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Too Cold Outside (For Angels to Fly)

Chapter Text


[IMAGE: A man holding a newspaper does a double-take as he walks past
a red English telephone booth with a snowman in it. Ben Ben is in the background.]

How early was too early to show up for your first day at a new job?

Draco pondered this question as he sat at a small wooden table in the corner of the enormous Manor kitchen, nibbling on a piece of cold toast slathered with slowly congealing butter.

Did the answer change when the job was at the Ministry of Magic, for a department that had once tried to send Draco to Azkaban, in a country where he'd been universally reviled before he'd fucked off to Italy ten years ago? His stomach churned, and he threw the toast down onto his plate next to its uneaten brethren. He was too nervous to even keep down a single slice of toast—not a good sign.

Draco was beginning to reevaluate his decision to return to England.

It had been just over ten years since he'd left in disgrace, right after the horrifying circus of the post-war trials. He'd somehow managed to get off with little more than a slap on the wrist, likely due to Potter's unexpected testimony on his behalf. But his father had been sentenced to Azkaban, his mother exiled from Britain, and their entire family had been fined a truly astronomical sum in reparations—which, given how much money was in the Malfoy coffers, was really saying something. They'd managed to keep the Manor—for all the good that did them—but their home had been all but gutted, its contents sold to help make up the debt they owed society.

Draco had been welcome to stay in Britain, but he thought it best if he cut his losses. With little money, even less family, and most of his friends dead or already abroad, what more was there to keep him here?

Not to mention the teensy, tiny—almost inconsequential, really—revelation that Draco was not, in fact, one of those pure-blood wizards his family had fought so hard to make the ruling class.

He was a Veela.

He'd manifested on his seventeenth birthday, which had been a horrifying revelation for all affected parties—Draco included—given they were in the middle of a war and his family propagated the ideology that Magical Creatures were inferior and should be either subjugated or exterminated. He and his parents had miraculously managed to keep Draco's nature a secret from Voldemort and the rest of the world throughout the duration of the war, but Draco's luck hadn't held much longer than that. His arrest and subsequent holding, pending a formal trial, had been one stressor too many, and his frayed temper had snapped, sending him into full-on Veela Fury right in the middle of the Ministry.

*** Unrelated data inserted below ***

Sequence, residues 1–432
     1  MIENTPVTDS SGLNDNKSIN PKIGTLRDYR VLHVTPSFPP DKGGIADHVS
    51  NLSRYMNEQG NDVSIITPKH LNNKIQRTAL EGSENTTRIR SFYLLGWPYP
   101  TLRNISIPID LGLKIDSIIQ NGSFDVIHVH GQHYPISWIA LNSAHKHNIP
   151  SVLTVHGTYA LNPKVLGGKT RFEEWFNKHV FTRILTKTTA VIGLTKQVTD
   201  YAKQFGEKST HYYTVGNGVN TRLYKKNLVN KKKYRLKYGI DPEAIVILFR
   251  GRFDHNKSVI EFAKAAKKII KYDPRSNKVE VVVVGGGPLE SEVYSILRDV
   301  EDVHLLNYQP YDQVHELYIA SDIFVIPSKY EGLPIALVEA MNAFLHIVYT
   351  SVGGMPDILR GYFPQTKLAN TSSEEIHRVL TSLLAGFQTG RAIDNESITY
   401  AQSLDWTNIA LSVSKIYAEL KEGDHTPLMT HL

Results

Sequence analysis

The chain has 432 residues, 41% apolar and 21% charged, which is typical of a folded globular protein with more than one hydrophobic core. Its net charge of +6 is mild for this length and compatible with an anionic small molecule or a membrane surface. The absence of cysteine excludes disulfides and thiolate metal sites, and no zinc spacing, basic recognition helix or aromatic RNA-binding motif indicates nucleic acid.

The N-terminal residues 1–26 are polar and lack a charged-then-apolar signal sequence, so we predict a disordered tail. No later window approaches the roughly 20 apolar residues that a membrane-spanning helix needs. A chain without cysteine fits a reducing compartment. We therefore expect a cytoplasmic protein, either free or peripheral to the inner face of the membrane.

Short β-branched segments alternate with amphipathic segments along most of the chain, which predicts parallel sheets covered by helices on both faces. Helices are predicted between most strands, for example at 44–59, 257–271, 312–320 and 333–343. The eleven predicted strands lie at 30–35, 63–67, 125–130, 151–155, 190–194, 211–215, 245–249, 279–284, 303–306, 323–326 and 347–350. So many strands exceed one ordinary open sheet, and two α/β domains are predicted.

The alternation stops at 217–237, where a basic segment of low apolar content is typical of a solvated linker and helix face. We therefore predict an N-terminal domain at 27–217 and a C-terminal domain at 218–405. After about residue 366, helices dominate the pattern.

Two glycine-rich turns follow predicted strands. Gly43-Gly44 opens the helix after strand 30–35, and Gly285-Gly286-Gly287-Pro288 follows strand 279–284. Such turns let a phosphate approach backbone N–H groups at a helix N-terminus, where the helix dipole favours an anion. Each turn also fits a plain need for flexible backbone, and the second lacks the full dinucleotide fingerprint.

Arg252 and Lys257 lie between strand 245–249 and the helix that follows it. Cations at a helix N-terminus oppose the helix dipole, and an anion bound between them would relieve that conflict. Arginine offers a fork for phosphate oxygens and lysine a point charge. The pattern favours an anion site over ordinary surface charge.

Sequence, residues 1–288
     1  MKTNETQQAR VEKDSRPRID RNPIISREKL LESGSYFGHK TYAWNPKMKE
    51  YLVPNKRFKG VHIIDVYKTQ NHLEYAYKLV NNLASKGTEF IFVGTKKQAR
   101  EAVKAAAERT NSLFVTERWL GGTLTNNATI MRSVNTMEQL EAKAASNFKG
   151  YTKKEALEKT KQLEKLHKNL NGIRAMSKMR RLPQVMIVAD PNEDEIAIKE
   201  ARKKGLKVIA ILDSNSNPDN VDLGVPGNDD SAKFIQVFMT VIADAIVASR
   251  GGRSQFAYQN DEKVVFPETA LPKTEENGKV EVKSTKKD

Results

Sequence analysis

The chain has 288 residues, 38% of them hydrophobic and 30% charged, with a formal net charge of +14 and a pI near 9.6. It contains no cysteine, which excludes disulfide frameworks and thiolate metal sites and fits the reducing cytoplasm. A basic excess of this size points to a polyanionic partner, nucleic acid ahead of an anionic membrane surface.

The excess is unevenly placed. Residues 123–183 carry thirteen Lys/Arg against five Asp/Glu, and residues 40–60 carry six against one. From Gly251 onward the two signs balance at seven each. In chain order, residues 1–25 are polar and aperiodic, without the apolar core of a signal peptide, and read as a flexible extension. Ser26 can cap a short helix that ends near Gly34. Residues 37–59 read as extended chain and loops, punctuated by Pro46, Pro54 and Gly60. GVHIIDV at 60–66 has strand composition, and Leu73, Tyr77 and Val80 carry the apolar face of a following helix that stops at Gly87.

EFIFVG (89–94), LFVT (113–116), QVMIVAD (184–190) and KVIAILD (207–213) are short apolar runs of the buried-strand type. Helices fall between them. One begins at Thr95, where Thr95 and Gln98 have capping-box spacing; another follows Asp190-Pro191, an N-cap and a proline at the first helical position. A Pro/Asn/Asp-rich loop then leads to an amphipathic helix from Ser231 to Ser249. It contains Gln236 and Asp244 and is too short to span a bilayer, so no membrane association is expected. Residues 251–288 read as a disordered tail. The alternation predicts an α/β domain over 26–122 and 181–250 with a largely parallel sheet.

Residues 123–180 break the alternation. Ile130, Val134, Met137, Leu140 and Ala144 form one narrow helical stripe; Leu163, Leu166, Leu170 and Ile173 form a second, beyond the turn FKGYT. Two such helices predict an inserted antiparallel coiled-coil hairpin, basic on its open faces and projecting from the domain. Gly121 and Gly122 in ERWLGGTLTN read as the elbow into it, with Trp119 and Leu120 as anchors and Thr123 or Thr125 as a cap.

As if he didn't already have enough strikes against him.

There'd been no avoiding official registry with the Department for the Regulation and Control of Magical Creatures after that, and given that the Creature, Being, & Spirit Registry was a matter of public record, it was no surprise when, not even a week later, the Prophet had been trumpeting the news of Draco's affliction throughout the country. It was just another reason for the public to view him with suspicion and disgust, and most seemed to hold the view that it served him right: Draco Malfoy, the pure-blood bigot whose blood wasn't so pure after all.

Draco didn't blame them. He'd been telling himself the same thing the moment his wings had burst from his back in an explosion of agony and shame.

So Draco had left Britain and never looked back, accompanying his mother to Italy and, in a truly bizarre turn of events, eventually working for the Italian Ministry as an Auror. Italy's warmer climate was perfectly suited to Veela, and Sicily—where they'd settled—boasted a robust population. Draco wouldn't say anti-Veela bias was non-existent, but the discrimination was certainly less prevelant than in Britain, and the restrictions on Beings holding government jobs was significantly less stringent. More importantly, the Malfoy name didn't have quite the black stain in Italy as it had back home, and without that cloud hanging over him, Draco found himself free, for the first time in his life, to be whatever and whoever he wanted, unencumbered by familial or societal expectations. Certainly his mother still had her opinions, but exile and the separation from Lucius had diminished her, and Draco found it much easier to stand up for his convictions, to stand true to the person he wanted to become.